With the ABL season fast approaching, it is time to take a look at each team’s biggest question. Try as we may, no definite conclusions can be given as these questions can only be fully answered as the season progresses. Let’s get to it!
Can they find the same success under new leadership?
The Formosa Dreamers ended the 2018-2019 regular season as the #1 seed in the playoffs with a 19-7 record. The result was a far cry from the team’s abysmal inaugural 2017-2018 season wherein the Taiwan-based club only managed to grab a single win. Last season’s head coach Dean Murray was voted Coach of the Year due to the Dreamers’ surprising performance throughout the season. Under Murray’s direction, the team displayed an unselfish style of basketball led by Will Artino, Malcolm Miller, and Tevin Glass. The Dreamers averaged 21.5 assists per game, enough to place third in the league in that category.
Heading into the new season, however, the Dreamers are somewhat starting anew with former Saigon Heat head coach Kyle Julius taking on the reins. To add to the changes, none of last season’s three imports will be returning to the team this season.
Julius was the architect of the Saigon Heat’s first winning season as well as their first playoff victory last season. Much like his predecessor, the Canadian also boasts a Coach of the Year award, which he won during his stint in the National Basketball League of Canada in 2017.
As for their imports, the Dreamers signed former Singapore Slinger Jerran Young to be their centerpiece. Young’s effectiveness on both sides of the court helped lead the Slingers to a Finals berth last year. Young will definitely bring experience and leadership to boost the Dreamers’ campaign this year.
Getting to the top of the mountain will be a tough task for the Dreamers, especially with all the other teams stacking up their respective rosters. But with a proven coach like Kyle Julius and a player of Jerran Young’s caliber, no one should count them out yet.
TAIPEI FUBON BRAVES
Can their domestic success translate to the ABL?
The Taipei Fubon Braves will be entering their first season in the ASEAN Basketball League as champions. The Braves reached the peak of Taiwan’s Super Basketball League as they finished at the top of the regular season standings before eventually sweeping their Finals match-up to win the title. They also competed in last month’s FIBA Asia Champions Cup, where they amassed a 1-2 record in the group phase.
On paper, the Braves is seemingly one of the top contenders this upcoming season due to their success in Taiwan’s domestic league. However, it remains to be seen if that success will translate to the ABL. During the Season Launch, Braves coach Roger Hsu admitted that joining the ABL will be quite the adjustment for them.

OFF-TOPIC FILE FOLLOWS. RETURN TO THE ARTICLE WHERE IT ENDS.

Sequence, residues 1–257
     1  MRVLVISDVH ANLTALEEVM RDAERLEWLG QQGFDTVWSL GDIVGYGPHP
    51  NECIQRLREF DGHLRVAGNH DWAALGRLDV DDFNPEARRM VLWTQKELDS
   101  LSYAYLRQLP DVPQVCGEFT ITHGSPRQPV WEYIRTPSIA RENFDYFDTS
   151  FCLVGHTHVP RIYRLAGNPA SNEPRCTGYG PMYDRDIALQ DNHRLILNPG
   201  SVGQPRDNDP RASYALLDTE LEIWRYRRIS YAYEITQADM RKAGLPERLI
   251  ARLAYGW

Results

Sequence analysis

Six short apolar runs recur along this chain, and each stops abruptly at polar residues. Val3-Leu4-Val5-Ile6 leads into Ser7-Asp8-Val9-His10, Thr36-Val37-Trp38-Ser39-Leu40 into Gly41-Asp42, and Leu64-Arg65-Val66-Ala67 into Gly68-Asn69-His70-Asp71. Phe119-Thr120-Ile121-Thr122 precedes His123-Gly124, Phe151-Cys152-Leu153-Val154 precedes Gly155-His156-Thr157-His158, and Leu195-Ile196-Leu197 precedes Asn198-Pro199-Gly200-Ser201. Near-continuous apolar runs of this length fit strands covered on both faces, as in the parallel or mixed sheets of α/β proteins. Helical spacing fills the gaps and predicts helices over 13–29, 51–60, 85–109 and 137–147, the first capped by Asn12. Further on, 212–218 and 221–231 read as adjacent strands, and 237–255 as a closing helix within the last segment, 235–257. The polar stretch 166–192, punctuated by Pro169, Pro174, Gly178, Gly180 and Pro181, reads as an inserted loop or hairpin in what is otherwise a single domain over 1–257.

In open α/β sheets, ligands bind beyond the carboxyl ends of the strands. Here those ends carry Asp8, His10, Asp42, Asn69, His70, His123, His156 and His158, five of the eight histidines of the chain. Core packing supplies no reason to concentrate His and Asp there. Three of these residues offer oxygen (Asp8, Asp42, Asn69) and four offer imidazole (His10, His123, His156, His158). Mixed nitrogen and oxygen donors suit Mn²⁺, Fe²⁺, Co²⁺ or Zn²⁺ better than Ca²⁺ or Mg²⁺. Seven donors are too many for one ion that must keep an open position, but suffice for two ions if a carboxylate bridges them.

Over the offseason, the Braves made significant acquisitions to bolster their lineup. National team veterans Lin Chih-Chieh and Tseng Wen-Ting will be returning to Taiwan after playing several seasons in the CBA. Dynamic scorer and former NBA player OJ Mayo is also set to join the Braves for the upcoming season.
Again, this team seems to be primed to make a run in the ABL. But only time will tell how their domestic success will translate into the regional league.
HONG KONG EASTERN
Is going younger the right decision?
Last season, Hong Kong Eastern fielded Marcus Elliott, O’Darien Bassett, and Sam Deguara as their imports. The three players had an average age of 31 years old, with Bassett and Elliott being 32 and 34 respectively at the time.
Hong Kong Eastern finished with an even 13-13 record, good enough for the 7th seed — the team’s worst finish in the ABL. However, Eastern would upset the second-seeded San Miguel Alab Pilipinas in the quarterfinals by sweeping the series 2-0. Even with this feat, management decided to start afresh.
The process began with the exit of 2017 Coach of the Year Edu Torres followed by Marcus Elliott’s decision to join the Slingers. Their ‘rebuild’ was in full swing when the signings of their new imports Trey Kell and TJ Price were announced. Kell and Price are 23 and 26 years-old respectively. Last season’s midseason import replacement Michael Holyfield will be retained as the team’s third import.
Former NBA G-League coach Jordan Brady will now be the one calling the shots for the Hong Kong Eastern. By going younger, the team hopes that it will be enough to revitalize the franchise for a championship run this season.
MACAU BLACK BEARS
How will Mikh McKinney carry the load without Anthony Tucker?
In the franchise’s short history, they have already gone by two names: Chong Son Kung Fu and the current Macau Black Bears. The only constant during that time were the names Anthony Tucker and Mikh McKinney, although McKinney joined the team during the middle of the 2017-2018 season.
The duo was formidable at the offensive end as they helped the team lead the league in points per game for both seasons. In their first year, the franchise claimed the first seed and was in the running for a top-4 seed last season before Tucker was lost to injury.
This season, Tucker decided to move to Thailand and join Mono Vampire — effectively ending his run with Mikh McKinney and the Black Bears. Despite Tucker leaving, McKinney decided to stay and lead the team in their quest for the title.
When Tucker had to be sidelined due to his foot injury, McKinney had no problem carrying the offensive load as he went on a scoring tear. The Filipino-American guard averaged 36 points per game in their last four regular season games, including a 50-point outburst against San Miguel Alab Pilipinas.
The Macau Black Bears have also provided McKinney help for this upcoming season with the signings of Kenny Manigault and Brandon Edwards. It will be interesting to see where the Black Bears land in the standings this upcoming season.
MACAU WOLF WARRIORS
Are the additions of veterans Douglas Herring and Steven Thomas enough to lift the Wolf Warriors from the bottom?
The Macau Wolf Warriors had a rude welcome into the ABL last season, to say the. Least. In their debut season, the Wolf Warriors finished the season with a meager 2 wins to finish dead last in the standings. Throughout the season, the team tried to find the right fit as they went through a total of 9 imports — ending with Mike Bell, Cory Bradford, and Shawntez Patterson.
Not only did they have multiple changes to their imports but to their locals as well. Wu You, more commonly known as MoreFree, only played 6 games with the team while Jenning Leung played 16 games for the Wolf Warriors before transferring to the Macau Black Bears.
To bring stability to the team, the Wolf Warriors have decided to sign ABL veterans Steven Thomas and Douglas Herring. Both imports have championship experience in the league and will most likely play a leadership and mentorship role to the team. Joining the veteran imports are Julian Boyd and local big man standout Cai Chen.